A celebration of Latino women at the Seattle Latino Film Festival
This year's edition of the Seattle Latino Film Festival is going online and shifting the focus to Latino and Hispanic directors and producers.
What does Latina representation look like in Latino cinema?
It's not a simple question given the deeply colonial impact on the world's film circuits. There are many hardships for Latinas to get worthy roles, as well as further prejudices faced when hiring Latin American screenwriters.
But it's even more complicated during production and direction to capture the actual realities these artists want to show.
That's why it is encouraging that some American festivals have shifted their focus not only beyond their country, but also beyond certain prejudices of manhood.
This week, the Seattle Latino Film Festival, held annually, unveiled an edition entitled "Latino and Iberian Women in Film," with more than 20 films made or produced by women.
They are all social visionaries and integrated in their communities. The result is intense discourses like Candy Bar (2017), which tries to show the way food intersects with social relations, directed by the Argentinean Alejandra Szelpaki, and delves into the lives of six women.
It also features award-winning documentaries such as The Offended (2016), which addresses the military conflict in El Salvador, necessary human rights claims and the absence of justice.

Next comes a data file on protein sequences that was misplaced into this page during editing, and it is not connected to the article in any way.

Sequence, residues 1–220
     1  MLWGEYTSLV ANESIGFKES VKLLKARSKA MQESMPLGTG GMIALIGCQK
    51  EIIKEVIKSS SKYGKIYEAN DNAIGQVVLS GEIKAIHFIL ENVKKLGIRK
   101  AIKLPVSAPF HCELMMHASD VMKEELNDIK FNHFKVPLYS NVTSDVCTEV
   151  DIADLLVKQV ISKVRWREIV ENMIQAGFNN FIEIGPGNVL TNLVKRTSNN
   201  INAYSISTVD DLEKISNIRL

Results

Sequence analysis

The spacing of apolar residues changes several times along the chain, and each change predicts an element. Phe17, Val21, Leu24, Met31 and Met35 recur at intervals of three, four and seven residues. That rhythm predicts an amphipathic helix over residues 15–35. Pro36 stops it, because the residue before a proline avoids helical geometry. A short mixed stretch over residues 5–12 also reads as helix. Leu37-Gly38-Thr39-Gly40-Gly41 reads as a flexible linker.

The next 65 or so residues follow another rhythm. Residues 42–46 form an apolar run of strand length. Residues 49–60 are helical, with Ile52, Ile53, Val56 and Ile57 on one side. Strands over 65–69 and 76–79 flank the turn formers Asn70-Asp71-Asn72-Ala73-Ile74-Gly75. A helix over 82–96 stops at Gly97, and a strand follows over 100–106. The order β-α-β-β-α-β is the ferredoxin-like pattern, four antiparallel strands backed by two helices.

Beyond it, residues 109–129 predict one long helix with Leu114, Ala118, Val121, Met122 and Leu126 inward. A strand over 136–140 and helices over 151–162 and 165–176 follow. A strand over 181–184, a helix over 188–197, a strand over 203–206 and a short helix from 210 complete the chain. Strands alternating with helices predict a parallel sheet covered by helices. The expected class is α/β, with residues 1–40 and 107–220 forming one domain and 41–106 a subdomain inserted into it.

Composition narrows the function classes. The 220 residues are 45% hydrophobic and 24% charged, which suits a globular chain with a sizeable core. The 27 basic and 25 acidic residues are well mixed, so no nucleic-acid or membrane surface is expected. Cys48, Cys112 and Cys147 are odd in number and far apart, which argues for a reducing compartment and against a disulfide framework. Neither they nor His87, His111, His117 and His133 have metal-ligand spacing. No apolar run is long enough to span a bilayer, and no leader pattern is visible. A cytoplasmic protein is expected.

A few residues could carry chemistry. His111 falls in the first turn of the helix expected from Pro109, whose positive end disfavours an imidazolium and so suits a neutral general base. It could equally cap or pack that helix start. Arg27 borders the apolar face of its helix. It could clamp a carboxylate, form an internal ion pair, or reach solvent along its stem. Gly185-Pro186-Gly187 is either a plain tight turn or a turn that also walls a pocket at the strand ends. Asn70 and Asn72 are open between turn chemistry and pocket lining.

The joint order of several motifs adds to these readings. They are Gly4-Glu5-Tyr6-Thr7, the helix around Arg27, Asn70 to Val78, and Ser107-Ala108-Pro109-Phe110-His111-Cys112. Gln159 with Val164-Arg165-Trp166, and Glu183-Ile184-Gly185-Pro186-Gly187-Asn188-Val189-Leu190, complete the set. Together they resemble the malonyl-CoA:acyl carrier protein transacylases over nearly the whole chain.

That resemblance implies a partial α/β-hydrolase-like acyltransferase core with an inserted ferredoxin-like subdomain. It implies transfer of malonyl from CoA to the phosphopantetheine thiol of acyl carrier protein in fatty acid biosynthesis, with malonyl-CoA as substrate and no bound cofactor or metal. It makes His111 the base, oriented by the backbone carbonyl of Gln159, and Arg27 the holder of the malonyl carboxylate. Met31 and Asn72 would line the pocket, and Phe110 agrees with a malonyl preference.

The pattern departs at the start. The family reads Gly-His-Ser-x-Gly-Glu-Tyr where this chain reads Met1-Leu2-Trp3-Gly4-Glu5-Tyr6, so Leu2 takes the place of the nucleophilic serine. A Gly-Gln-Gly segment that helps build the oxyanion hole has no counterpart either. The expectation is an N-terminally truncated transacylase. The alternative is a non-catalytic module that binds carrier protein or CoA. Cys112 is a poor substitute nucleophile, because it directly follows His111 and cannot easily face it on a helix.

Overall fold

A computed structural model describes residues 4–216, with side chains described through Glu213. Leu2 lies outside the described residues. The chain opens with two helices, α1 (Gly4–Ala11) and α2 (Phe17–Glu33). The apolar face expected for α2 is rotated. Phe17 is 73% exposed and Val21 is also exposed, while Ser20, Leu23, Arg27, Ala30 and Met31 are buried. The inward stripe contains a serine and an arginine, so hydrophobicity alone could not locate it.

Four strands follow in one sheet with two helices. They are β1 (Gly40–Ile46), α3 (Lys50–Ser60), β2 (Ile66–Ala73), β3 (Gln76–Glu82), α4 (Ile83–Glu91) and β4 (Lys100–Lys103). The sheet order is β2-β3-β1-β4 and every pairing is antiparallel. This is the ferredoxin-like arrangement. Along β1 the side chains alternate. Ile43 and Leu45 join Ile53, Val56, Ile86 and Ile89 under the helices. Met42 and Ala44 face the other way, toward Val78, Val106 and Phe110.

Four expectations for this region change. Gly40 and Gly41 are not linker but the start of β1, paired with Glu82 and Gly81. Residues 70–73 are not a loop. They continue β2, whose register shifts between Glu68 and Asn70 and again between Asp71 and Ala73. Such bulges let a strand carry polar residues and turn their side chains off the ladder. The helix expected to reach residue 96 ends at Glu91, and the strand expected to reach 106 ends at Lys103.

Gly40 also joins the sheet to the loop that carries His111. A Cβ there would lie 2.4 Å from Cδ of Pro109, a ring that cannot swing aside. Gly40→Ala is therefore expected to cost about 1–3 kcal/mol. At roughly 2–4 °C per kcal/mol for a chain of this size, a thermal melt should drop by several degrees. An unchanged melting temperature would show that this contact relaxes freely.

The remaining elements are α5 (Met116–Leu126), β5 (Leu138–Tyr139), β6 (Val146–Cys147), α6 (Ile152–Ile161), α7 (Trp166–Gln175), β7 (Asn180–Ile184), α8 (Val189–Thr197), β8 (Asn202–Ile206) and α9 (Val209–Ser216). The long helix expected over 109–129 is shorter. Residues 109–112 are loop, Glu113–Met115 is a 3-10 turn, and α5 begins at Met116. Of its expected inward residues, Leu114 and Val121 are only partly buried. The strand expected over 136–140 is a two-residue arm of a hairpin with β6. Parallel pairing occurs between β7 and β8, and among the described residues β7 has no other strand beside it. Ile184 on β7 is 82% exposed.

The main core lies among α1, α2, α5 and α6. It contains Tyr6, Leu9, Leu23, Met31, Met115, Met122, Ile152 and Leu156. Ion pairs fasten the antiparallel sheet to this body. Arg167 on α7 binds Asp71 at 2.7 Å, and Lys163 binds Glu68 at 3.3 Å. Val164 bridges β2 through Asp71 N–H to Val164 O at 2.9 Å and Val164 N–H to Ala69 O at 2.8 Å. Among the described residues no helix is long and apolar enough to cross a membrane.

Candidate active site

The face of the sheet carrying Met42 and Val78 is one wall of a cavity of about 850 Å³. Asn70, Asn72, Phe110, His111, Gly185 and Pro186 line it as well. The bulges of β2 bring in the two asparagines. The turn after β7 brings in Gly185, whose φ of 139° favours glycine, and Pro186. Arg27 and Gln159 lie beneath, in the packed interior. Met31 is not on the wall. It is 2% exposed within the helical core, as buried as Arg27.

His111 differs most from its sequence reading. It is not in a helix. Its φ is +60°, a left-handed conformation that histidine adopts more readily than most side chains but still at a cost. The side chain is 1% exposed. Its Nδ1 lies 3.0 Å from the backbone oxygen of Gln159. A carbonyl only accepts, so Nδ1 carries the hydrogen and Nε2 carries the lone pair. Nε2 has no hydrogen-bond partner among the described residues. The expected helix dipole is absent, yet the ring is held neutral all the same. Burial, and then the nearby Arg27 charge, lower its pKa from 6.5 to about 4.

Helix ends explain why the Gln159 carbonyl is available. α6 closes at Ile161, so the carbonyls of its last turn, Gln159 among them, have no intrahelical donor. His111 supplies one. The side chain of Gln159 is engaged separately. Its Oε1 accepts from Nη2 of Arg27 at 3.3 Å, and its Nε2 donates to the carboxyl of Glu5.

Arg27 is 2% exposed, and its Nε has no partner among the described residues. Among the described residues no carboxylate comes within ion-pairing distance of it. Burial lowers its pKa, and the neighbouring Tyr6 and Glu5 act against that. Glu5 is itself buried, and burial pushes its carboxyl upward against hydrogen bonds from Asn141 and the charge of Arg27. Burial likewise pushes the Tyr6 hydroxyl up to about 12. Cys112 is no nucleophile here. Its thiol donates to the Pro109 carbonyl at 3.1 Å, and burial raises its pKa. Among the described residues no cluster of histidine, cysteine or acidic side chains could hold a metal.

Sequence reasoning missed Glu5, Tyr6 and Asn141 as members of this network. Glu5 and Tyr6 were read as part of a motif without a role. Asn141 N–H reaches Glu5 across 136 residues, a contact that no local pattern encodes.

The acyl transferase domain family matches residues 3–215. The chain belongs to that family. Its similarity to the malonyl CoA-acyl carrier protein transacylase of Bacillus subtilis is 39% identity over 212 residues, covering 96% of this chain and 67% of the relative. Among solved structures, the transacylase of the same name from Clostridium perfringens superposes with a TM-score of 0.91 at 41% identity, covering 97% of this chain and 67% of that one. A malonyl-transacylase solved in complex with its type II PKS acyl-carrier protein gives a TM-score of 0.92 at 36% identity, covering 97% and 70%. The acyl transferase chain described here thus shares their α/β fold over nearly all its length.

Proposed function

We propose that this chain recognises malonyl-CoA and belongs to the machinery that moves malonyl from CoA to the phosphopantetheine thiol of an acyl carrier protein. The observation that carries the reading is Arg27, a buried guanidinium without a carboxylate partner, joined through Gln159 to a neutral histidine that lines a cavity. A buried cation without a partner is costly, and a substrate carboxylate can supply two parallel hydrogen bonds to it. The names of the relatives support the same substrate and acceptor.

There are also comedies that walk the line between laughter and drama, like the Cuban film El techo (2016), directed by Patricia Ramos Hernández, and other types of humor that play with the brutal aesthetics of environmental destruction like El Sitio de los sitios (2016), directed by Natalia Cabral alongside Oriol Estrada from the Dominican Republic. In the full list of featured films, there are also Spanish, Argentinean, Mexican and Colombian flicks.
There have been many reports of festivals across the world that are gradually adapting to the new virtual world brought by COVID-19. There are, however, still a majority that resist being part of distribution chains that have their own cinemas and hope to survive the virus by their own mettle.
But the reality is that the world's situation will last longer than many think, and it's why we should be grateful that, between confinements and longing for the smell of popcorn in movie theaters, in Seattle, they are adapting to the present to be able to offer viewers a new, varied and unusual programming.
"If we continue to grow, we hope to be able to present additional programs and presentations beyond the annual festival," its programmer said in a recent interview.
The festival will be available to stream throughout the United States until Jan. 10 and includes films in English and Spanish made by women from more than eight different South American countries. There are passes available for the entire festival or specific films.
The screenings also include a virtual question and answer session with the director.